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    Origin of Life Prize
    By Gunnar De Winter | June 28th 2011 09:31 AM | 4 comments | Print | E-mail | Track Comments
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    Harry Lonsdale, a 79 year old millionaire scientist, has launched a $50,000 prize to promote research in the origin of life. The prize could potentially be complemented by $2,000,000 (!) of research funding.
    Harry Lonsdale is a chemist in Bend, Oregon, who made a fortune when he sold his drug development and research company to Pfizer more than 25 years ago. Since then, he has leveraged his wealth for social, civic, and political causes, including a series of unsuccessful bids to become a U.S. senator. The 79-year-old Lonsdale is an avowed atheist who has advocated for gay rights, campaign finance reform, and environmental protections. Now, he's on a mission to accelerate the quest to understand how life originated. Over the past 2 weeks, Lonsdale has taken out ads in ScienceNature, and Chemical and Engineering News announcing an Origin of Life Research Award that includes $50,000 for the best proposal to study the origin of life and up to $2 million in potential funding to carry out the work.

    According to Lonsdale, he has assembled a panel of scientists to examine to proposals, including Harvard Medical School Nobelist Jack Szostak and NASA astrobiologist Chris McKay. Unconventional submissions are encouraged and there is one important caveat: 

    ...submissions involving the supernatural or that violate physical laws will not be considered.

    One of the main reasons for the installment of the award is the atheism of its founder. In his own words:

    "Over the centuries, we've attributed so many things to God's will that have later turned out to have a scientific explanation. I believe that the creation of life was probably not an act of God. It was just nature running its course. I believe an answer will show up to this question ... and the answer will be: God didn't do it, nature did it."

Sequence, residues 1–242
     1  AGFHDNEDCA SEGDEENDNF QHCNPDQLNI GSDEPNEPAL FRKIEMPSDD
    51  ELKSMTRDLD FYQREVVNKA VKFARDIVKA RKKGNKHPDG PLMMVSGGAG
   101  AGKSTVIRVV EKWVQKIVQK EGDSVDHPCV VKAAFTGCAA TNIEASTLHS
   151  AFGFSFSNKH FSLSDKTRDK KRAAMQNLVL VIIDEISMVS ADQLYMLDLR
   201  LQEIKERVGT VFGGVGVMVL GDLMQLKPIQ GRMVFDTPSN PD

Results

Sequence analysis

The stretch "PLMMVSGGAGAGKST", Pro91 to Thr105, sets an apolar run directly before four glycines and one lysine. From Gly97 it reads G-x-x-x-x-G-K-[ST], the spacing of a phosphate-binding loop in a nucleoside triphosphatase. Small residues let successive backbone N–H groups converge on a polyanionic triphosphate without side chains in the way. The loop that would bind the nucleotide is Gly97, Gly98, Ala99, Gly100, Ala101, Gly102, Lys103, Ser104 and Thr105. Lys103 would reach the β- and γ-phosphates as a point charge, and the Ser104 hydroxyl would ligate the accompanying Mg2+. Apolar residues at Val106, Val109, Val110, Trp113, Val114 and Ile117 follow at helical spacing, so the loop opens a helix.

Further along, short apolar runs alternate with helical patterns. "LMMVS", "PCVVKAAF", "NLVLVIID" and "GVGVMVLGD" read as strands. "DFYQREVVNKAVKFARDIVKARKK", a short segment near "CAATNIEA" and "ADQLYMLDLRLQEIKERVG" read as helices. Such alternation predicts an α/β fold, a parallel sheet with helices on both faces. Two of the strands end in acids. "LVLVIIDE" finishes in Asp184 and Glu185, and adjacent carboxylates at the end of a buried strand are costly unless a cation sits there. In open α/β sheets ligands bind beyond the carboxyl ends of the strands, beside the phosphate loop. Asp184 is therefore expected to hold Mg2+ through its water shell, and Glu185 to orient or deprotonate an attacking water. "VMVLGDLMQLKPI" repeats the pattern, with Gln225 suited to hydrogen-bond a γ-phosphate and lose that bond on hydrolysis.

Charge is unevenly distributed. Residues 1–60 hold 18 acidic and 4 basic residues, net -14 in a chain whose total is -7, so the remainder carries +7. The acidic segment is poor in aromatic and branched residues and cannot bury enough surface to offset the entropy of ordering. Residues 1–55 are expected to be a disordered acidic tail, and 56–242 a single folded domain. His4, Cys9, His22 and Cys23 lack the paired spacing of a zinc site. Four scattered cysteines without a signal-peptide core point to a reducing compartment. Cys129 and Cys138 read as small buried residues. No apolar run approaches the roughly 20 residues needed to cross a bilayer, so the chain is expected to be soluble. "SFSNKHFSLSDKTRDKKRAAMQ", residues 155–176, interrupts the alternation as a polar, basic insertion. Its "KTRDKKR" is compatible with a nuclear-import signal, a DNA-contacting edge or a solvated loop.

Lonsdale hopes that other philantropists will be encouraged by his contribution to support further research into the origin of life.

    *applause* 

    For those that are interested, more information can be gathered from the website

    Comments

    Hank
    ...submissions involving the supernatural or that violate physical laws will not be considered.
    ha ha...well, it is science he is funding.  I don't see why he has to invoke his theism (of any kind) but if Hitler jumps out of the ground and offers $2 million for science, okay!
    HedgehogFive
    Aha, an anti-Creationist (consistent with the Standard Muddle, of course.)
      
    If he and one of his opposite variety were to meet in the Large Head-on Collider, what a shower of particles we might see!

    *applause*

    @ Erinaceus Europaeus:

    Opposite? Depends on if you mean science muddle or atheism muddle.

    - Generally a biologist has no anti-particle, only positive "charges" of knowledge.
    - Generally an atheist is neutral (no gods), fundamentalists are "charged" with their gods, and constitute their own "anti-charges" (one religion consider the other gods "anti-gods").

    The problem seems to be the assumption of "Standard" muddle. Theophysics is confused! =D

    @ Campbell:

    I suspect there are at least two reasons:

    - He expects "unconventional" submissions, so wants to keep the trash at bay.
    - It is a poke @ "Tons-of-temples" Foundation, which tries to interject science with religion.